Again, in Will of Johnson (1929), 199 Wis. 154, 225 N.W. 818, where the testatrix made specific bequests to named legatees "and to his heirs and assigns forever," and the named legatees predeceased the testatrix, the court held that the words "and to his heirs and assigns forever" could not be construed as words of substitution.
In Will of Peters (1937), 223 Wis. 411, 270 N.W. 921, the testator bequeathed a part of his estate to his wife and to her heirs and assigns forever. The testator's wife died during his lifetime and left as her heirs several children by a previous marriage. This court held that the legacy to the testator's wife lapsed and that her children did not take under the will. The court stated:
". . . While it is true that a will must be construed in accordance with the evident intention of the testator, when that intention is clearly expressed in appropriate language the instrument admits of no construction. Estate of Allis (1926), 191 Wis. 23, 209 N.W. 945, 210 N. W. 418; Will of Trautwein (1932), 208 Wis. 107, 241 N.W. 334.
*61 "The argument that the words of the second paragraph `and to her heirs and assigns forever' are words of substitution is ingenious but tenuous. From time immemorial, even under the rule of Shelley's Case, these words whether used in a will or a deed have been held to create an estate in fee simple. 1 Restatement, Property, secs. 27 c, 37 d. . . ." Will of Peters, supra, page 413.
In two more recent cases this court held that, under the particular facts presented, the words "and to his heirs and assigns" were used as words of substitution. In arriving at this result the court construed the foregoing words in the context of the entire will and found an intent on the part of the testator to make a substitutionary devise.
In Estate of Hoermann (1940), 234 Wis. 130, 290 N.W. 608, the testatrix died leaving certain property to a son, Ernst, who predeceased her. In paragraphs 20 and 21 of her will, testatrix left specific legacies to her son "and his heirs and assigns forever." In paragraph 24, she left the residue of her estate in equal shares to her 10 children, including her son Ernst, "unto them, share and share alike, and to their respective heirs and assigns forever." This court held that the legacy in paragraph 20 lapsed and that the words "unto him and his heirs and assigns forever" did not create a substitutionary devise. As to this paragraph of the will, the court stated:
". . . Presumptively, the words `unto him and his heirs and assigns forever' are words of limitation. . . . [E]ven in the case of gifts of personal property, the phrase is presumed to have been used to limit the estate rather than to provide a substitutionary gift. Will of Johnson, 199 Wis. 154, 160, 225 N.W. 818; Will of Peters, 223 Wis. 411, 270 N.W. 921. . . .
"This does not mean that the context of the will may not disclose that words which are presumably words of limitation were in fact intended to create a substituted bequest. . . . [W]e discover nothing in the will or in the circumstances to support the conclusion that these *62 are words of substitution. . . ." Estate of Hoermann, supra, pages 134, 135.
However, the court held that the testatrix intended a substitutionary devise in paragraph 24 by the words, "unto them, share and share alike, and to their respective heirs, and assigns forever." In so holding, the court relied on the presumption against an intent to die intestate that arises from the execution of a will, especially a will with a residue clause, and on the use of the word "respective" as implying a substitutional or representational intention of the testator.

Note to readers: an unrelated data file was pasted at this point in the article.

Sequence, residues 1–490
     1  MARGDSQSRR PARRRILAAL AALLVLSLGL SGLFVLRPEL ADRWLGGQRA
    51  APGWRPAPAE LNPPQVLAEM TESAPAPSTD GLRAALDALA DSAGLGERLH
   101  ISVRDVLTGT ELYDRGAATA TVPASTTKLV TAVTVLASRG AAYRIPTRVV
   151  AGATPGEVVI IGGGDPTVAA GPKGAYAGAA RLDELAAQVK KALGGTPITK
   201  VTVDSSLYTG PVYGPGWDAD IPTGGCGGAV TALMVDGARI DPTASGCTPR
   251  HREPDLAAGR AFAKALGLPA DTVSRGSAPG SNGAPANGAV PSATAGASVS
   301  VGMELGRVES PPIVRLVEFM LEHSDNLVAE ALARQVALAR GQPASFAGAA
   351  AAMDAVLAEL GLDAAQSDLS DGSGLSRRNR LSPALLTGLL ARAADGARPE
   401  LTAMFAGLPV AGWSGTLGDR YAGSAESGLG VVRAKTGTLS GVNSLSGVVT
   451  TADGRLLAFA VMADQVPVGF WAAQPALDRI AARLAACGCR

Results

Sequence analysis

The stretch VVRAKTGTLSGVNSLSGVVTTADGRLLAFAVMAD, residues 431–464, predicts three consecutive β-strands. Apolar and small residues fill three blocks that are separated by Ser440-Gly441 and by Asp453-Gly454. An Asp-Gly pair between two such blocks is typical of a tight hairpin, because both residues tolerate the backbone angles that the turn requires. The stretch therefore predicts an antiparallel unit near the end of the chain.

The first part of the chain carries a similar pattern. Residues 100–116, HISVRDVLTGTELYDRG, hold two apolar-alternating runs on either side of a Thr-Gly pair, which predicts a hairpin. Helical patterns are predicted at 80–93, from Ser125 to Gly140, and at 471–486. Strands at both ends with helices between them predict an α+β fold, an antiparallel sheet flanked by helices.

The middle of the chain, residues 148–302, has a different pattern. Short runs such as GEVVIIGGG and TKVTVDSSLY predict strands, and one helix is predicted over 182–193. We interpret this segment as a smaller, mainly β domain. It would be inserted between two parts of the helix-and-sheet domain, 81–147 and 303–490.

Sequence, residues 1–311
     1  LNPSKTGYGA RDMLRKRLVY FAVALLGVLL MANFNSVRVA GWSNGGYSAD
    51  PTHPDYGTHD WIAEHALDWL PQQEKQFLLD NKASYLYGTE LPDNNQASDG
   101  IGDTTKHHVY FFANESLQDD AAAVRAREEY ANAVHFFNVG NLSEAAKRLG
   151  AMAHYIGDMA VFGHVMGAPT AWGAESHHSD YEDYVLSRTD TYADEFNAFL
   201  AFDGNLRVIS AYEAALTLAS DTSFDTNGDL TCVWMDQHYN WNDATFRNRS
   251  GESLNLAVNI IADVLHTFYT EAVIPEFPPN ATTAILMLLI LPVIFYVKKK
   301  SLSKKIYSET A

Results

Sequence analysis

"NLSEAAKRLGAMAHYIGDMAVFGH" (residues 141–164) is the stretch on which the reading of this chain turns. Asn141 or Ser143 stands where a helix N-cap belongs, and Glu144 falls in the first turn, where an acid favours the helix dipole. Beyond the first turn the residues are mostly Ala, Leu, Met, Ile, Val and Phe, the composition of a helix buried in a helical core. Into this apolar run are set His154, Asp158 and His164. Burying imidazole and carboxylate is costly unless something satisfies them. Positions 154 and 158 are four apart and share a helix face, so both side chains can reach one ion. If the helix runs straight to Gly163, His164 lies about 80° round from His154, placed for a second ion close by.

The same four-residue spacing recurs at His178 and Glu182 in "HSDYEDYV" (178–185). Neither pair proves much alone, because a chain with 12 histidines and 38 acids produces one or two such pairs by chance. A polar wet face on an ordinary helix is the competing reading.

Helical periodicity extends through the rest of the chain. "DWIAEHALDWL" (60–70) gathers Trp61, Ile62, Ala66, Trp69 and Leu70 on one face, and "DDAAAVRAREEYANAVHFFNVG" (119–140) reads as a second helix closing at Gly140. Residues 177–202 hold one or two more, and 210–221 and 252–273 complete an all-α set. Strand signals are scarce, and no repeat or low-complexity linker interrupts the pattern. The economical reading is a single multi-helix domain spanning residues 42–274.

"Coming to the twenty-fourth paragraph, three significant circumstances not present in the consideration of the twentieth and twenty-first paragraphs are at once disclosed. First, this is a residuary clause, and a lapse in the residuary clause will produce an intestacy unless the residuary devise or bequest creates a joint tenancy, and there is a very strong presumption against an intended intestacya presumption which becomes especially significant where the residuary clause is under construction. Second, there is no possibility of construing the residuary clause as creating a joint tenancy. Third, the phrase asserted by the administrator to constitute mere words of limitation is different from the phrase in the twentieth paragraph in that the words `respective heirs and assigns' are used. . . . It is . . . obvious that a lapse of Ernst Hoermann's share in the residuary clause under the circumstances of this will results in an intestacy as to his share. There are no words in the clause appropriate to the creation of a joint tenancy. It must therefore be held that a tenancy in common was created, and it is elementary that there is no survivorship among tenants in common. Bearing in mind the strong presumption against a purpose to leave any portion of the estate undisposed of, the fact that the will had a residuary clause and the fact that a part of the residuary gift will fail and go as intestate property unless the words `respective heirs and assigns' are construed as words of substitution, it is evident that little more is required to warrant the latter construction. This is supplied by use *63 of the word `respective.' It is generally held that the use of this word in connection with the words `heirs and assigns' renders the words substitutionary in character. . . .
"It is our conclusion that the use of the word `respective,' considered in connection with other circumstances heretofore set forth, warrants the conclusion of the trial court that the words in the twenty-fourth paragraph are words of substitution. The considerations leading to this conclusion are so strongly founded on the fact that this is a residuary clause and in the use of the word `respective' that the distinction between the twenty-fourth clause and the twentieth clause readily appears and accounts for the difference in result." Estate of Hoermann, supra, pages 135-137.